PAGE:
follow n8 @UncleEggma

Tagged , , , , ,

N8 R8S 8: Ludum Dare 34 Part 3

Just as the last 2 times, N8 is R8ing a wonderful bunch of Ludum Dare games – this time picked more or less at random.  Even though the jam is officially over and the votes have all been cast, I’m still digging through the hundreds and hundreds of games that have been released.  Next week I will be playing the top 8 games from the jam and the compo, so look out for that!

1/8. Lawn Mower Fight – You’re a lawnmower (the machine, not the person) and you gotta mow more grass, hay, and ascii characters than all the other little lawnmowers. There are powerups that make you mow better. The three levels are all easy. It’s a neat game! It’s got an explosion sound! Definitely a mark of progress for a developing developer!


2/8. Golden Rush – You take control of a golden fish and swim around a small, linear passageway. The fish is animated so fluidly, kind of like a straight up 4 real fish. Seriously looks good. The movement (which is really all there is to this little experiment) is smooth and feels really nice. I would love to play a version of this when it’s actually a fleshed-out game. But since there are other games in this jam that are just plainly more ‘game-y,’ I don’t have more to say.


3/8. Agropolis – A click-and-drag growth game with very little to it in turns of objective. You grow your plant-like structure higher and wider as you get new types of blocks that have different growth patterns. A peaceful game, which would be far more interesting with some type of basic objective. All-in-all, though – it’s a little lacking compared to some of the other games in this selection.


4/8. Milgram – A pretty silly little story game where you have to follow instructions by pressing two buttons (cute lil’ rip on the jam theme there.) There are three endings to discover and they’re all pretty obvious and I’m not really sure what the point is in terms of morality or meaning, but I like games like this, even when they’re this basic. The voice acting is kinda bad, but hey. And I was worried it was just a corny rip on the Stanley Parable, but it gets a pass cuz of memes. Just what the world needs more of.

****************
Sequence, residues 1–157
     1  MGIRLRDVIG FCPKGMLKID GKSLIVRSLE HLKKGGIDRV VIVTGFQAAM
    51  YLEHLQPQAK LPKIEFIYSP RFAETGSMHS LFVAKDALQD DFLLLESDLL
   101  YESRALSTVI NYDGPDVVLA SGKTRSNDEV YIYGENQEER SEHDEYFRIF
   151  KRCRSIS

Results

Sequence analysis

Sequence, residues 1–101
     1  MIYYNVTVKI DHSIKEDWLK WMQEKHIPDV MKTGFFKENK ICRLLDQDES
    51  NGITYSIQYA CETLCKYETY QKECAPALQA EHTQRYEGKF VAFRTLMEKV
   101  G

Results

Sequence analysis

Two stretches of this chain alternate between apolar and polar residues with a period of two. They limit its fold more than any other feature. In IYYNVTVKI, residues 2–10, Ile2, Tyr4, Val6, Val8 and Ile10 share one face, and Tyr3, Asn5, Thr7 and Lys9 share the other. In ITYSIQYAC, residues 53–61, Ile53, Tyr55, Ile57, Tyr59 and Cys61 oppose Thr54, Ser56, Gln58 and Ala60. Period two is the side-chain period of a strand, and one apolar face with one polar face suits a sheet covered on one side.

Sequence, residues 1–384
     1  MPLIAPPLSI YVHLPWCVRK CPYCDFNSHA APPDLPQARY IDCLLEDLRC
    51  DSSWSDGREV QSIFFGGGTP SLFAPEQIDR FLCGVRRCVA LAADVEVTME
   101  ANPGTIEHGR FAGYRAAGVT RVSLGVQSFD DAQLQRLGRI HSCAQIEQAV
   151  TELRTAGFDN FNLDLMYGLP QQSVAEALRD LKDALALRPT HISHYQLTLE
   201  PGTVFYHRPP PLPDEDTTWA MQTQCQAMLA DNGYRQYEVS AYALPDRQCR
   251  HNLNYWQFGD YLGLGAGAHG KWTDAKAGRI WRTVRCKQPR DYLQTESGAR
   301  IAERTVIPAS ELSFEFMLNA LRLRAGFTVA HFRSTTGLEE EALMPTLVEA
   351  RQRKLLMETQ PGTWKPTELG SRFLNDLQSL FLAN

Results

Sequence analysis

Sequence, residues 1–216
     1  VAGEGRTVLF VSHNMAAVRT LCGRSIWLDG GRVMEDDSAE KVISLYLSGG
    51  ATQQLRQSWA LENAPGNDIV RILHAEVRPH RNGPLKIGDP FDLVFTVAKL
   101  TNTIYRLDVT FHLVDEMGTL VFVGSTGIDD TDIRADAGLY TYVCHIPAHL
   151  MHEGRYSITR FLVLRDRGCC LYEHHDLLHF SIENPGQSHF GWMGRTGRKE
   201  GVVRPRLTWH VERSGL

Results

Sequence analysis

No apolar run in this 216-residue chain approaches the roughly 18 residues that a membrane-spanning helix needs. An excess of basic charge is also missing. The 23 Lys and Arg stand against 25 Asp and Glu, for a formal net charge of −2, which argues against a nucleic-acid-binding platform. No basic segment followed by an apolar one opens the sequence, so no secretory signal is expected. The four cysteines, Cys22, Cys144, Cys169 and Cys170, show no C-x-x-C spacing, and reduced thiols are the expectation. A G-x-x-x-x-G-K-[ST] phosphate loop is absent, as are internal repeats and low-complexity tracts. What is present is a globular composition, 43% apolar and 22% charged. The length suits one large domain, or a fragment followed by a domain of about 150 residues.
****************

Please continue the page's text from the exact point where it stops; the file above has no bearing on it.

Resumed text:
5/8. Kubble – A turn based puzzle-platformer (though platformer isn’t really the right word) with a pretty snazzy synthy background track. I found this short game pretty difficult at times, but when it wasn’t difficult, it was realllly easy. So it was in this weird spot of being hard for the wrong reasons and easy in a way that wasn’t really fun. Twice, I won a level without really understanding how or why. I really like the turn based concept, and though the game was pretty cool, there wasn’t much more to it after level 2.


6/8. Personal Valley – One of the cool things about playing all these jam games is that you get to see all the talent that is out there. A game consists of so many moving parts – the sound, the music, the static graphics, the animations, the gameplay, the story. All of these little pieces combine into something that can be tremendously beautiful. And even though that’s not quite what I’d call this little game, it is the game that made me think about it. This game is such a little slice of fantasy with the ambient music and gentle pixelated graphics. Even though there isn’t much to it in terms of gameplay (I played the pre-finished version), it does bring you a feeling of having your own little ‘personal valley’ to spend some time in.


7/8. Drought – Peaceful little puzzle game with some wonderful atmospheric music that reminded me a good deal of the music from English Country Tune. The game consists of tile placement. You place water, dirt, grass, and seeds which grow into trees with fruit. It’s not at all complicated or difficult. Honestly speaking, I was having a stressful day when I tried out Drought, and though I didn’t find the gameplay intensely exciting or even very compelling, it relaxed me and brought my mood up in a way that kind of surprised me. It’s cool how something so plainly nice can come out of a game jam.


8/8. Orb Lords – A two-button pinball game in which the only way is up. Hitting left shift and right shift will flick flippers as you’d expect, but doing so has the interesting side effect of turning on/off orange and blue coins, boosters, and warp pads. The game is over when you reach the top of the board, and the objective is to either do this as quickly as possible or pick up as many coins as possible on your way up. Easy to get into and challenging to do well – just as pinball has always been. Though it did get a little janky with the ball physics at a time or two, Orb Lords is good shit for a jam game and definitely worth the play.


I’ve got nothing else this week except to say that I’m also hosting a discussion group for ‘thoughtful’ games that will be taking off this week.  The idea is to play a game once every 2 – 4 weeks and discuss, criticize, and understand it better as a form of art – kind of like a book club might.  We’ve got a (quite barren atm) subreddit set up for this and we’re looking forward to finding out how this goes!

follow n8 @UncleEggma

Tagged , ,